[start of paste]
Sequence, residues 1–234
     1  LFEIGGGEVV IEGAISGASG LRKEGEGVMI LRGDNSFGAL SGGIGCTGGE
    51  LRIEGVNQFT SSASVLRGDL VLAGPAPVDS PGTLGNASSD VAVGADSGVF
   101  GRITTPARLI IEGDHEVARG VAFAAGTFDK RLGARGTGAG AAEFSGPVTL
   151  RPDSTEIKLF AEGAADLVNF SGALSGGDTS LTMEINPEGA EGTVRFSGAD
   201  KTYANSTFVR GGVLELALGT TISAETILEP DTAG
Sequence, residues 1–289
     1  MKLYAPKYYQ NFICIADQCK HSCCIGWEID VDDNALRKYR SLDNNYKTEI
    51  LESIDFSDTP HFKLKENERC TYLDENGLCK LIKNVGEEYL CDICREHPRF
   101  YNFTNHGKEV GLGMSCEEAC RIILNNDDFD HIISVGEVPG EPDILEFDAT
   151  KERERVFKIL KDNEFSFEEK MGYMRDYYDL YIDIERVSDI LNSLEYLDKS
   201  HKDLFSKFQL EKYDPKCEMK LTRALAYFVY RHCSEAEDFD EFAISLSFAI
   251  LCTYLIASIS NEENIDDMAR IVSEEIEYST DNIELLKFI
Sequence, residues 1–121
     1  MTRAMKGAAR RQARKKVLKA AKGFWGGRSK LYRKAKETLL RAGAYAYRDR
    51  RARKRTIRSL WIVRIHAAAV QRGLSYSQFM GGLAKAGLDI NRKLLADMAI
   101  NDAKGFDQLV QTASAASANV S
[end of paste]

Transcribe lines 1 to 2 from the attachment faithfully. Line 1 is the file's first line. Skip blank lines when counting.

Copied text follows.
Sequence, residues 1–234
     1  LFEIGGGEVV IEGAISGASG LRKEGEGVMI LRGDNSFGAL SGGIGCTGGE